Glossophobia is the fear of public speaking or of speaking in general.The word glossophobia comes from the Greek γλῶσσα glōssa, meaning tongue, and φόβος phobos, fear or dread.
My chest contracts and seizes. My palms sweat and my armpits soak my shirt. I’ll probably find a sweat stain later. I suddenly shiver, pretending I’m cold. Really, though, it’s because I’m anticipating it.
I take a deep breath through my nose to calm my tensing muscles. It doesn’t work. I look at the ceiling. I pray. I think about other things. I think about how funny such-and-such a time was– why can’t I just chill? I know most of these people. They aren’t going to stone me.
My name is called. I stand on unsteady legs… my knees knock at every other step up to the podium. My mind goes blank. My sight blurs. I take a shaky breath and look out over the audience. They’re looking at me. Ugh! Is that my voice? I sound so husky. What was I going to say? Don’t talk too fast. I hate this. I hate this. I hate this.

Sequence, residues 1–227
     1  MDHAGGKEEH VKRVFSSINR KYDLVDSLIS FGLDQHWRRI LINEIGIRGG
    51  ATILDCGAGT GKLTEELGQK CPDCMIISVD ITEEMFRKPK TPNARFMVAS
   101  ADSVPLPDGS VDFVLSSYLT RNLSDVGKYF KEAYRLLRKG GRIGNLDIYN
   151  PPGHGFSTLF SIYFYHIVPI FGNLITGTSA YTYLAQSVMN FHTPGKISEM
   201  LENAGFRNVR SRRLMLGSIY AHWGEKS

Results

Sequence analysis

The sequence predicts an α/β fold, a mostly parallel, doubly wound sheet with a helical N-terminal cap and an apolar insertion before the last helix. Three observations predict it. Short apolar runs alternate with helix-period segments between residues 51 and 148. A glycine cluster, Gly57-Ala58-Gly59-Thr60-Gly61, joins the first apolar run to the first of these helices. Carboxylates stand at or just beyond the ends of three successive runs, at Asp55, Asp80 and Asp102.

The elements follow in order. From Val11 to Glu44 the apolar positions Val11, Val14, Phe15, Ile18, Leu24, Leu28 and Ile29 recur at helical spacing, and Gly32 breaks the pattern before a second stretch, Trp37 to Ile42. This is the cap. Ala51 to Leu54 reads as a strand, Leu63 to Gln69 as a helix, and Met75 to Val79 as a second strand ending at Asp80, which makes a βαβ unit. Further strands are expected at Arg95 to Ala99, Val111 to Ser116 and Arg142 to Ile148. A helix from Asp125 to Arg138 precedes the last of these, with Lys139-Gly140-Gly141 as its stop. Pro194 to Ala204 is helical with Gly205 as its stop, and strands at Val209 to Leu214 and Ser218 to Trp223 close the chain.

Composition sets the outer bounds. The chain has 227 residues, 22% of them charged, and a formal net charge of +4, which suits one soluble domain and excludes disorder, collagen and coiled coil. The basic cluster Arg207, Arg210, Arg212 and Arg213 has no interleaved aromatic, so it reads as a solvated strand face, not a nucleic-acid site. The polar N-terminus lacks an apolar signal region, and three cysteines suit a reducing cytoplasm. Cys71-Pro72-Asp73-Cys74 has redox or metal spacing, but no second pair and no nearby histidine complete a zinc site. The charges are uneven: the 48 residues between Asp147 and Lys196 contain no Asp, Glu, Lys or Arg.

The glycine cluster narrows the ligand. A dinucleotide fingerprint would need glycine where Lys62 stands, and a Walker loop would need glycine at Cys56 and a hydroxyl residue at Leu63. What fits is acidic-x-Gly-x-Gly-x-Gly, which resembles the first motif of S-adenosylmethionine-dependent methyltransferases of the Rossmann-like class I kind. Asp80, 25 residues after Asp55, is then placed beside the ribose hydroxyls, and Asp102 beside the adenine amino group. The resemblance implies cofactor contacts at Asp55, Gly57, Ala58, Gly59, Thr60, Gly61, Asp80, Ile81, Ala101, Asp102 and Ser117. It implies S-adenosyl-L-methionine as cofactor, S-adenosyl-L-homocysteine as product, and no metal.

If I wanted to talk to groups of people, I would have pursued a career in political science, in law, in journalism, in marketing. But I didn’t.
I chose technical writing. Because I don’t want people to look at me or listen to my voice.
I want them to read my voice.
I prefer being the hidden writer.
I prefer shirts with no sweat stains.
So just let me write.
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